Reviewed by

Christopher Armstead

They called it the Phantom Punch. I was not yet alive when the newly named Muhammad Ali knocked out Sonny Liston in the first round of their rematch in 1965 but when Ali dropped Liston with a punch that apparently nobody saw, considering this is the same man that finished an entire fight with a broken jaw, many howled that the fix was in. After seeing many a replay of that punch it is clear that Liston got hit and while I can’t testify as to whether or not Sonny Liston was actually hurt, I know I wouldn’t want to get hit on the temple by a 22-year old 210 pound lightning fast Muhammad Ali to test the theory. Charles ‘Sonny’ Liston was heavyweight champ of the world for three years and yet his life and his death remain much of a mystery. Director Robert Townsend and star Ving Rhames look to clear up some up this mystery surrounding Sonny Liston with the boxing biopic ‘Phantom Punch’ and unfortunately they have succeeded in illuminating almost nothing.

We first meet Liston (Rhames) as a tortured convict in a Missouri prison with only a concerned priest, Father Alios Stevens (Rick Roberts), as the sole person who seems to give a damn about the troubled young man’s mental facilities. When one day Liston drops a big ugly with one punch, Father Stevens sees that with some proper training Liston just might have some boxing ability. After winning a series of prison bouts in spectacular knockout fashion there is little doubt what Sonny Liston will be perusing once he gets out of jail.

Out of lock down Sonny makes the acquaintance of gym operator and trainer Caesar Novak (Nicholas Torturro), a man with known mob ties, who manages Sonny to a series of wins in the late 50’s. Sonny also meets and woos the pretty Geraldine (Stacey Dash) who will eventually become his wife, but not before Sonny beats up a couple of racist cops and lands himself right back in jail.

Once out of Jail Sonny vows to both Geraldine and Caesar to stay clean and eventually he gets that title fight he’d been wanting so badly against Floyd Patterson, who had allegedly been dodging him for years. The dynamics of that fight were very interesting for the time pitting Patterson, the good negro, against Liston, the bad negro but after seeing the fight it was actually the hungry negro versus the scared negro as Patterson went down in one and in one plus 2 seconds in the rematch.

Still Sonny’s public persona as a boogeyman persisted. He would drink heavily, engage in a very unwise affair with Caesar’s girlfriend Farah (Bridgette Wilson-Sampras) and would lose his belt to the brash Cassius Clay and then of course lose again in the much disputed and controversial rematch to Muhammad Ali. Liston would continue to fight, winning most of those fights, until dying under mysterious circumstances 1971. Officially ruled a heart attack, some say a heroin overdose even though he was supposedly deathly afraid of needles, while others say he was murdered by the mob he was so closely associated with during his career.

As a piece of entertainment I have no problem saying that the movie is somewhat successful. Ving Rhames, despite the fact I’m thinking he was probably a bit too long in the tooth to play Liston, gives a solid performance as a tortured soul and is always interesting to watch on screen, while Robert Townsend has been directing movies long enough to know how to connect to an audience, hit the right emotional notes at the right time and keep his narrative moving briskly which does keep the audience engaged. But as a biographical work it is an unfortunate failure. I’m still not quite sure what Townsend and writer Ryan Combs were trying to tell us about Sonny Liston or what type of image or persona they were attempting to develop for the man. We meet Liston in jail but how did he get there? How did he end up as pained and tortured as he did? There was this sixty second scene of Sonny getting verbally and physically abused by his father and if I was supposed to glean from this brief event that this was the catalyst that caused this man to become a short tempered, violent, emotional, womanizing drunken brute then it went over my head. Far too much time was spent dealing with the mythical amalgam of Nicholas Torturro’s Caesar and his mob connections and waaaaaay too much time was spent fooling around with the Lounge Singer and the alleged affair that Liston was having with this woman since as far as I could see it only served the purpose of a plot device. After the movie is over you will know more about this character, who I believe is fictional, than you will know about Sonny Liston’s wife. Mrs. Sampras is a mighty fine looking woman and all but come on, what does this have to do with anything about the life of Sonny Liston that it deserves this much screen time?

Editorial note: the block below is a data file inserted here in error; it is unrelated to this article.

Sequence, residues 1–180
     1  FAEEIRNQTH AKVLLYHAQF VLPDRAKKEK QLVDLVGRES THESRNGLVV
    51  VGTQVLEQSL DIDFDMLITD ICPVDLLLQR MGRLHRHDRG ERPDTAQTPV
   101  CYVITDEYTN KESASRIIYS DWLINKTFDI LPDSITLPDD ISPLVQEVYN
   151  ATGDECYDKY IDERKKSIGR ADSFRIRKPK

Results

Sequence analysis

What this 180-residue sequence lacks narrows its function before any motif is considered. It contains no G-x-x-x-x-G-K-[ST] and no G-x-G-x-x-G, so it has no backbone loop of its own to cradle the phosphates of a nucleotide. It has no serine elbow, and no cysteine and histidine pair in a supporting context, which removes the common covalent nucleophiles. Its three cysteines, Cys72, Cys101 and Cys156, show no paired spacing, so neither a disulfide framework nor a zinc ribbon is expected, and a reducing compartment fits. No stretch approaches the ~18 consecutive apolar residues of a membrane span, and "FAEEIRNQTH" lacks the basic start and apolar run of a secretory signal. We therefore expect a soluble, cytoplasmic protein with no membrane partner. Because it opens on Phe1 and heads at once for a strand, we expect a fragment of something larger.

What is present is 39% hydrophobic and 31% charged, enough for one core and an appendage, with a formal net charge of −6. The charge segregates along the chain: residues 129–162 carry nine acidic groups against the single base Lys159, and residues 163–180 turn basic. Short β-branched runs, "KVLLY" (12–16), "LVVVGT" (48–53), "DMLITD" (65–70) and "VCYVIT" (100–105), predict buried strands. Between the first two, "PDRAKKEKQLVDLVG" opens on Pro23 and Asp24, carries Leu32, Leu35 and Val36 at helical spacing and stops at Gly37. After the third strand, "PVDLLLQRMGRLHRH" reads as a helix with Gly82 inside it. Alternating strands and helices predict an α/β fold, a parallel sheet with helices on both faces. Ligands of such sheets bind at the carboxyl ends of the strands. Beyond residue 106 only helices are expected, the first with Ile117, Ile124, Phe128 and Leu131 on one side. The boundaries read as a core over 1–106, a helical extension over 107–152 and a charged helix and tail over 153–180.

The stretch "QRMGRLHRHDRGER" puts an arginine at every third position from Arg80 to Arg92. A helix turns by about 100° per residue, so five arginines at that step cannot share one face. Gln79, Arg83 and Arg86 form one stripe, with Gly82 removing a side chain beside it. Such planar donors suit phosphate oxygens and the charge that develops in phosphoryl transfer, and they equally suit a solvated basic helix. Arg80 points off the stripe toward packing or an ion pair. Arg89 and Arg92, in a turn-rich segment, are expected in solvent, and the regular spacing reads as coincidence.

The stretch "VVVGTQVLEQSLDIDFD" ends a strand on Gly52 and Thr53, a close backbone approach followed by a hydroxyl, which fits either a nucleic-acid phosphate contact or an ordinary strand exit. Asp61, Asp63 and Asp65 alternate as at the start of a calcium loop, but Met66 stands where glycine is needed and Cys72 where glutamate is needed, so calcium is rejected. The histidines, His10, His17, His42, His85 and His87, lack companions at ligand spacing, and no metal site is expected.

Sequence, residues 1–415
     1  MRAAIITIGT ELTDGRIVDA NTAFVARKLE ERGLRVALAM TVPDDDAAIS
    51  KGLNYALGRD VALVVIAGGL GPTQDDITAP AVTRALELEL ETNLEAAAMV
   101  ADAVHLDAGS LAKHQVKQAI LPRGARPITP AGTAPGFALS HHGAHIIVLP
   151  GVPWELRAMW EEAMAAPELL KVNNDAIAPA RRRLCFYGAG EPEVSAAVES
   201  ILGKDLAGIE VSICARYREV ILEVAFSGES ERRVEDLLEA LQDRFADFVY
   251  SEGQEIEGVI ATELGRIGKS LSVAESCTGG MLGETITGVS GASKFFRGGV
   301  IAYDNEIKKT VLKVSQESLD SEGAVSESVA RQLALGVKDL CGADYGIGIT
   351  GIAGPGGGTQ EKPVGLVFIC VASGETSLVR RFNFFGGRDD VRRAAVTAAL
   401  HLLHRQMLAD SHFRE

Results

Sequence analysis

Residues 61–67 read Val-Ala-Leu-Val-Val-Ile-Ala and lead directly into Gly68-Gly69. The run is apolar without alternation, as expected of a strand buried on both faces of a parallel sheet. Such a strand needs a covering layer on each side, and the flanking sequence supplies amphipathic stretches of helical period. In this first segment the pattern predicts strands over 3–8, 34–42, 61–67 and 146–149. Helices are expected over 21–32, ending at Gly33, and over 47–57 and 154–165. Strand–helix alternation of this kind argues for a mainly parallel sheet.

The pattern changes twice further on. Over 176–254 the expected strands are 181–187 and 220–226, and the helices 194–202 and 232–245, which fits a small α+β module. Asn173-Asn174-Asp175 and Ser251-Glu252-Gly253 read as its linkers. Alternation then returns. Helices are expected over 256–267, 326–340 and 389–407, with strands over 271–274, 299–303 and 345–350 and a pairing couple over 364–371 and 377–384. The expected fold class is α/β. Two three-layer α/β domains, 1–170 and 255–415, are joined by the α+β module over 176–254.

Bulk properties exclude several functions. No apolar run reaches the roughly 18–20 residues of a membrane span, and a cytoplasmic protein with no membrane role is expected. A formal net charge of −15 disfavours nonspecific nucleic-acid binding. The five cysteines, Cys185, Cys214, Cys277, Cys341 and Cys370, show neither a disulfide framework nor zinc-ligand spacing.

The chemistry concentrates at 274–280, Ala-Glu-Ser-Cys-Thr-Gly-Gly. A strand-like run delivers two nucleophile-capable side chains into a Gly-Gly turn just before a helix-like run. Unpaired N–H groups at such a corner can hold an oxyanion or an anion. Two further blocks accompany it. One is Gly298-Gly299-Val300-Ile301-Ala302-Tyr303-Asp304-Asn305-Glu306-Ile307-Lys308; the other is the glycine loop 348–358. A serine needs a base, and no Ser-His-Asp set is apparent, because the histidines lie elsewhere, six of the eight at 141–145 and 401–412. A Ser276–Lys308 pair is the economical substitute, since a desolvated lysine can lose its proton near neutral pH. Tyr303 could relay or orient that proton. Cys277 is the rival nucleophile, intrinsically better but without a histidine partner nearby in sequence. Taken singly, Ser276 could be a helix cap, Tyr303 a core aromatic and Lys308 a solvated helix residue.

Other elements where the film fell short were due to what I’m sure were budgetary constraints such as the lackluster fight scenes, the sparsely crowded championship fights the fact the actor who played Muhammad Ali didn’t move much like Muhammad Ali but then who except Muhammad Ali can move like Muhammad Ali? I will say that the cat they got to play Floyd Patterson sure did look and fight a lot like Floyd Patterson.

There’s some really good reading out there about the life of Sonny Liston which better illustrates how he was and how he became who he was, and despite being quite watchable and even entertaining to some degree ‘Phantom Punch’ does very little in bringing this strange, tragic and enigmatic figure into any kind of clarity.

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